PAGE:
Well, I would say you probably don’t have to pay tax on all of it. But I will be honest with you, Doug, if you’ve rented it for a few years, there’s some recaptured depreciation along with the house has probably appreciated. I don’t know if you got that value. Since you had family buy it, you may have undersold it. But bottom line is you might want to sit down with somebody. I mean, I doubt it’s all going to be taxable, but a portion of it could be and there could be some recapture. Who’s been showing the rental on the taxes, all of you guys or is it been under one person’s name?

Caller 14:03
It’s just been under one person’s name. Last living sister, the other sister has deceased, so it went to the kids their portion of the rent money, which I took upon myself to pay renovation I didn’t charge for. I mean it has been renovated and renovated and renovated. So it’s really up to our real good, or one of the family members that they were going to buy from the last month that was alive. And oh, you know..

Dr. Friday 14:32
Doug, I will tell you any money you put into it would be a write off directly against that $50,000 if you’ve never been reimbursed. That would have been improvements unless they used it as repairs each year and they wrote it off the taxes. So…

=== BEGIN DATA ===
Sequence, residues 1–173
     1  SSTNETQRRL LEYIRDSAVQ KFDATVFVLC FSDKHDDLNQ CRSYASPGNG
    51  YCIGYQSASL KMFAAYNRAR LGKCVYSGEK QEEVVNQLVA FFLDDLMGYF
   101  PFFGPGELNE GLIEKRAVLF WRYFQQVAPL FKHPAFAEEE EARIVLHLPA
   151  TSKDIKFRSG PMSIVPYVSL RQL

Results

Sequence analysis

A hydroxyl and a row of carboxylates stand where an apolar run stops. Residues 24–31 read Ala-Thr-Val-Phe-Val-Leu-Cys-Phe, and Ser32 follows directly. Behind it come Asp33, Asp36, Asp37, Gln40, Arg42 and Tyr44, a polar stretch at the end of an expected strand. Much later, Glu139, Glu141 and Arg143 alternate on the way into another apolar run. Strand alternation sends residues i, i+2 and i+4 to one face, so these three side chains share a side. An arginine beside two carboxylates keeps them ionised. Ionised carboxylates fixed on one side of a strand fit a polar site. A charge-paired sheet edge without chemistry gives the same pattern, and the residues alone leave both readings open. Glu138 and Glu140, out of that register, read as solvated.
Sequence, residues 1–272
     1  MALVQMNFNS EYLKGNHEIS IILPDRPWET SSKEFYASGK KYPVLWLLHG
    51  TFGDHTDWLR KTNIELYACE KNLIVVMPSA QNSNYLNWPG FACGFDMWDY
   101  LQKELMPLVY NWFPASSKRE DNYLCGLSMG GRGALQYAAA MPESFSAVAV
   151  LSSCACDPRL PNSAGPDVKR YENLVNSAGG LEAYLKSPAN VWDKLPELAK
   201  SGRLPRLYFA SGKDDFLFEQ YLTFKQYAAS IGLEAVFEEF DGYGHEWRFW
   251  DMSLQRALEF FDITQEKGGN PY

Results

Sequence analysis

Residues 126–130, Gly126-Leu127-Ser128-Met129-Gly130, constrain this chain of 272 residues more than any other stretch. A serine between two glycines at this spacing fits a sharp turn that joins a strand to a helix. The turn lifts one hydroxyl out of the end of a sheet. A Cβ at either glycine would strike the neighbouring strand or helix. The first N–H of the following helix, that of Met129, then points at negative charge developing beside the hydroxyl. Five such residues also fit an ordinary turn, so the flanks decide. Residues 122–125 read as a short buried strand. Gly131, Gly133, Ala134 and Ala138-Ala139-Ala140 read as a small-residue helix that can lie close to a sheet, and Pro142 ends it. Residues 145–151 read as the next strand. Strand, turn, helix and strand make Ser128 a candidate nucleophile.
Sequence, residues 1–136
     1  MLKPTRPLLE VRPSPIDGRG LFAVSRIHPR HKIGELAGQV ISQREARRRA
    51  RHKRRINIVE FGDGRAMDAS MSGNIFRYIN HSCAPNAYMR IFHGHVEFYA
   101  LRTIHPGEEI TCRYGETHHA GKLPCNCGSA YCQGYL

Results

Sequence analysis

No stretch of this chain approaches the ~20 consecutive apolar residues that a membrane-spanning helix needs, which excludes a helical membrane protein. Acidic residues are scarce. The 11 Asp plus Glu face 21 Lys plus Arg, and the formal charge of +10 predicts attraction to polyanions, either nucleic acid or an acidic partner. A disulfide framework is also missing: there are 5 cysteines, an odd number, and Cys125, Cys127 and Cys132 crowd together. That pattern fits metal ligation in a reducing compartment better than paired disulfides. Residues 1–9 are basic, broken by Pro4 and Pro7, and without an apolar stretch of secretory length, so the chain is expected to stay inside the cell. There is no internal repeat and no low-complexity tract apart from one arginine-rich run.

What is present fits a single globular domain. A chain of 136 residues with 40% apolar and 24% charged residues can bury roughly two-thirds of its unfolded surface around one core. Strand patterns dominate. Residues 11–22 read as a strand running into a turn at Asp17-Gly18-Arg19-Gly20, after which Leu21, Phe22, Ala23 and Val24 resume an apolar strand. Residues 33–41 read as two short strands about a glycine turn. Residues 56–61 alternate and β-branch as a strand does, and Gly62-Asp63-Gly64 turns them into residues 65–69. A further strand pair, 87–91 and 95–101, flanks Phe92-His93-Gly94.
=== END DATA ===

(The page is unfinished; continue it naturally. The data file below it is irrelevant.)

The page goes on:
Caller 14:45
My sister’s tax person got a hold of me, they think it’s gonna be ideal.. probably wouldn’t worry about it that’s what she’s telling me. And we done our taxes and they saying nothing about it. But I didn’t know no difference, and I was just better to ask you and let you clear it out for me or it might come back and bite me in the…

Dr. Friday 15:01
I’m trying and it could, yes, sir. I mean, in all honesty, it definitely is not a gift, I will tell you that. That was an asset sold, there was ownership in that asset that was not a gift to you. There is a possibility of capital gains. Your income could have been low enough where if you make less than $100,000, including the sale, you could be in the zero percent capital gains rate. So it makes no difference. But yeah, and so it would have no effect on you one way or the other. And the same thing with you know, your sister or whatever, but it truly is a taxable thing that happened. How much of it is taxed? I couldn’t tell you, but I guess you could wait. And then a love letter comes from Uncle Sam, you know who to call.

Caller 15:26
Yeah.

Dr. Friday 15:27
All right. Thanks so much. Alright, is it Ahmed?

Caller 15:51
Yes, Armand.

Dr. Friday 15:52
Armand, I am sorry, I could not read, it’s my fault.

Caller 15:54
That’s okay. I had a question. I would like to put up a Roth IRA for my adult daughter who’s a college student. And I didn’t know if I was limited to the $6,000, or limited to the amount of income she had in the year.

Dr. Friday 16:12